But you shouldn’t give him food directly from the table, because that will encourage begging. Get up and give your pup a treat while he’s away from the table or after you’re done with your meal.
Counter-condition your dog
Sometimes it can be helpful to have your dog perform a different behavior when he starts to beg. You can throw a toy and tell him to fetch or tell him to go lie down. Doing something else can distract him and take his mind off of the food.
Block your dog from the table
One of the easiest ways to stop your dog from begging is to keep him away from the table altogether. You can do this by using a baby gate or pet gate to block off the area around the table while you’re eating. If your dog is crate trained, you can also put your dog in his crate.
You can get this gate from Amazon for $76.99.
Make sure you give your pup something else to keep him busy while you’re eating too, like an interactive toy.
Don’t get angry
Never get mad at your dog for begging.
“Don’t get frustrated with them or yell at them,” Novack said. “Dogs are scavengers, and they will do whatever they can for food.”
Yelling at your dog will just confuse or scare him, which won’t help to teach him. It will also give him negative attention for begging, which you don’t want either — so you should just ignore it.
Work with a trainer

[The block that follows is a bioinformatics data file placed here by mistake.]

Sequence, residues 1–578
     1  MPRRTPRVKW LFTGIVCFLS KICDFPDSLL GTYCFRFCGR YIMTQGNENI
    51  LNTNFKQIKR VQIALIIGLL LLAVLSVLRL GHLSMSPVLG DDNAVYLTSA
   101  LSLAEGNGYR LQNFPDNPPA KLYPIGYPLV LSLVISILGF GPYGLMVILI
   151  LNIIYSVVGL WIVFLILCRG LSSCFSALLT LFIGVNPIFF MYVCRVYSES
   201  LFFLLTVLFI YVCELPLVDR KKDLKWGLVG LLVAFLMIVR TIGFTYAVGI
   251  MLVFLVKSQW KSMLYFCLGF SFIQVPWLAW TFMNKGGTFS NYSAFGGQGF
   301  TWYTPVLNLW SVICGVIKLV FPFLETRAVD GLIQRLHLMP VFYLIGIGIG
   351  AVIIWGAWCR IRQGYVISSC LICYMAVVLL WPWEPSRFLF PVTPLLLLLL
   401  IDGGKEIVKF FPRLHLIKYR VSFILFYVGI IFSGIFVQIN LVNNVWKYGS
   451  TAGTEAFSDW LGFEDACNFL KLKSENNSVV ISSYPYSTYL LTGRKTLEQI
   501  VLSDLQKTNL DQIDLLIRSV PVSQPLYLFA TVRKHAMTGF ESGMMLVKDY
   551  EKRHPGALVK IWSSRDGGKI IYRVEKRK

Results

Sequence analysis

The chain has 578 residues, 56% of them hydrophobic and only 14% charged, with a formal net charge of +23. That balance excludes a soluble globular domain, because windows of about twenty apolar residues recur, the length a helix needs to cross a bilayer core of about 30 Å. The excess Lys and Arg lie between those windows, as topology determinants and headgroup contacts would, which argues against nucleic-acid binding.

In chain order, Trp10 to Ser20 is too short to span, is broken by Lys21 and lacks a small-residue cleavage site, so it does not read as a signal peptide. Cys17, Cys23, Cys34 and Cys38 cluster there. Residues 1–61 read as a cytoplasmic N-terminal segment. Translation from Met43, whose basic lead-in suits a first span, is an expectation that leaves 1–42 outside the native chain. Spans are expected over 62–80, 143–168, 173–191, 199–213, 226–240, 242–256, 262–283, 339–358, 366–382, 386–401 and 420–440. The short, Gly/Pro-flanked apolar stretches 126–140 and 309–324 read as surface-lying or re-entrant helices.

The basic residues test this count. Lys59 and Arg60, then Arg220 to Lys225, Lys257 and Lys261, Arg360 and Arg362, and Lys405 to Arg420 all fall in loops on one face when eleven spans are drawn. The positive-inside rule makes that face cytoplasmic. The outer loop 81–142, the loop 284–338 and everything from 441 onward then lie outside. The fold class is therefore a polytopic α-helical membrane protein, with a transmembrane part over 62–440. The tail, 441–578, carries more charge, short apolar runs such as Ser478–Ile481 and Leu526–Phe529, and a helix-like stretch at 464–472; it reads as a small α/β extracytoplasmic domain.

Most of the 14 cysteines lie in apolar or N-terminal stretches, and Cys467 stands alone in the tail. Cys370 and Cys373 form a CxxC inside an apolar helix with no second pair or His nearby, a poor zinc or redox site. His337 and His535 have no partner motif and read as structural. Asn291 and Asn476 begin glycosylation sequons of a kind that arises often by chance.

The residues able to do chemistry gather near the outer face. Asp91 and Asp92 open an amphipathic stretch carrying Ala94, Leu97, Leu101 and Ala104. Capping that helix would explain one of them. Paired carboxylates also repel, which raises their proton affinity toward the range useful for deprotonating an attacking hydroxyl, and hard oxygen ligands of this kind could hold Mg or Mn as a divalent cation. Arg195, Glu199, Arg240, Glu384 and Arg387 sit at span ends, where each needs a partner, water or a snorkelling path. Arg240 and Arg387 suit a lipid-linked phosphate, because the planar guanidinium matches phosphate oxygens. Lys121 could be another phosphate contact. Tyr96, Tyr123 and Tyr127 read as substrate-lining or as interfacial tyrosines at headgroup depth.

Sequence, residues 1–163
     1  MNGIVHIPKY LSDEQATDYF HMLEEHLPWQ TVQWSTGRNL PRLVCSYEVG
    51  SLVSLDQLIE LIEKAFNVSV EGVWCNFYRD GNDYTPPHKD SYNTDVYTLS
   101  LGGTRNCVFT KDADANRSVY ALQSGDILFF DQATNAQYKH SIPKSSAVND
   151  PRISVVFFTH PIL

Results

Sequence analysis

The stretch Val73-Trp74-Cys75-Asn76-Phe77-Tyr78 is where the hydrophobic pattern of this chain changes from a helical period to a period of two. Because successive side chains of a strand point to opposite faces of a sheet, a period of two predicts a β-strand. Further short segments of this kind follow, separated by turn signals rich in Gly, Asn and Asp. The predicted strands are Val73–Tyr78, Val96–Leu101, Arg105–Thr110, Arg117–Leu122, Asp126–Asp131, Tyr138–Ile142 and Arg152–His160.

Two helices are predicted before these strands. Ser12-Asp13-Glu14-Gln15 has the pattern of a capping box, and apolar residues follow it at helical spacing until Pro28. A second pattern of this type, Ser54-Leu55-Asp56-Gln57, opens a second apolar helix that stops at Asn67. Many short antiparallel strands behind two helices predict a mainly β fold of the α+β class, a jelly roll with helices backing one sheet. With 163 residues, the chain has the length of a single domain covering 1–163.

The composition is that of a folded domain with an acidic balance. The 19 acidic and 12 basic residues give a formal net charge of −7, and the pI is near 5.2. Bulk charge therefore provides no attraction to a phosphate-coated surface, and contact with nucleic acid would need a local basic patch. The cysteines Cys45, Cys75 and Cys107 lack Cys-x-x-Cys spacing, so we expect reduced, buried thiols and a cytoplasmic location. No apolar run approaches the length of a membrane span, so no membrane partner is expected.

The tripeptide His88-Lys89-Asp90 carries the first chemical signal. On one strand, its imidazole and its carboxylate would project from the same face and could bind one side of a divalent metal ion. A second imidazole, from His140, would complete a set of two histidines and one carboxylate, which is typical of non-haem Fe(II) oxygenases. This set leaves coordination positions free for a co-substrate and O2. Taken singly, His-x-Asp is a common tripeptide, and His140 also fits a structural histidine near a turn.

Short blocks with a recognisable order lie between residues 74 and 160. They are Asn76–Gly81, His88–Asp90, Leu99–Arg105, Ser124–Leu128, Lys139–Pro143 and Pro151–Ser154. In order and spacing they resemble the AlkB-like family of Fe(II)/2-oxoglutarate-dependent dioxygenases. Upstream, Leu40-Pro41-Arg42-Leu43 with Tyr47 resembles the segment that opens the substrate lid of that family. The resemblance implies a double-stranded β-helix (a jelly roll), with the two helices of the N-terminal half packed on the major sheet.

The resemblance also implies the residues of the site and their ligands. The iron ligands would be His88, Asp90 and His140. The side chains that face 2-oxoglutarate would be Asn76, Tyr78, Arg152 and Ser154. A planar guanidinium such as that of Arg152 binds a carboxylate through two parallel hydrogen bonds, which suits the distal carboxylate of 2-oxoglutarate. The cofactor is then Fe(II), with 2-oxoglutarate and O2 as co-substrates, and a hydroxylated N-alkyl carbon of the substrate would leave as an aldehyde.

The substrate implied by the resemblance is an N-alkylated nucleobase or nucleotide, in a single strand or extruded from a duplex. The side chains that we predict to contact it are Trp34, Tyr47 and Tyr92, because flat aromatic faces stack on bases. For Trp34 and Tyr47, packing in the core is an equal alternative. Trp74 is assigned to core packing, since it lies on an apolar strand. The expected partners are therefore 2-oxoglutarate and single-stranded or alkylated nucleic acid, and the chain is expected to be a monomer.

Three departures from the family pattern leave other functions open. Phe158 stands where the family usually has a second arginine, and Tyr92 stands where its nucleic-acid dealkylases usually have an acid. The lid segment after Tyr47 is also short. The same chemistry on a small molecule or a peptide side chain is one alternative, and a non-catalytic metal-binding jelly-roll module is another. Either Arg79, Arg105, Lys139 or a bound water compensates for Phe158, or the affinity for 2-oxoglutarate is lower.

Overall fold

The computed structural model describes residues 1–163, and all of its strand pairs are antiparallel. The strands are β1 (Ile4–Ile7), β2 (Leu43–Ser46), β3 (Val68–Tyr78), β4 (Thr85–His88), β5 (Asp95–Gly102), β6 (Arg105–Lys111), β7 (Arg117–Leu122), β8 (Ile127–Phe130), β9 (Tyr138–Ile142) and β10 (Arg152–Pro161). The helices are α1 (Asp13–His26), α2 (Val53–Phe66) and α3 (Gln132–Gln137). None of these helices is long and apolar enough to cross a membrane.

If nothing else works, and your dog just won’t stop begging (and it’s driving you crazy), you may want to work with a trainer to figure out the best way to teach your dog not to beg.
Can dogs eat table scraps?
If you do decide to give your dog a little treat from your plate every now and then, just do it away from the table so you don’t encourage begging, and be sure to check that the food you’re giving him is safe for dogs to eat.
“When deciding what food off your plate to give them, be careful!” Novack said. “Feed moderately, just save them one or two small bites. Avoid fatty foods, spicy foods, onion, garlic and bones.”
It can be hard not to give in to your dog’s begging when he looks so cute doing it.
“Puppy-dog eyes are hard to resist!” Novack said. “If you don’t want your dog's chin in your lap during meals, you’ll need to teach them to do something else instead, like waiting quietly on their dog bed.”
But if you have a little patience and follow these tips, you can teach your dog to stop begging (and you can eat in peace).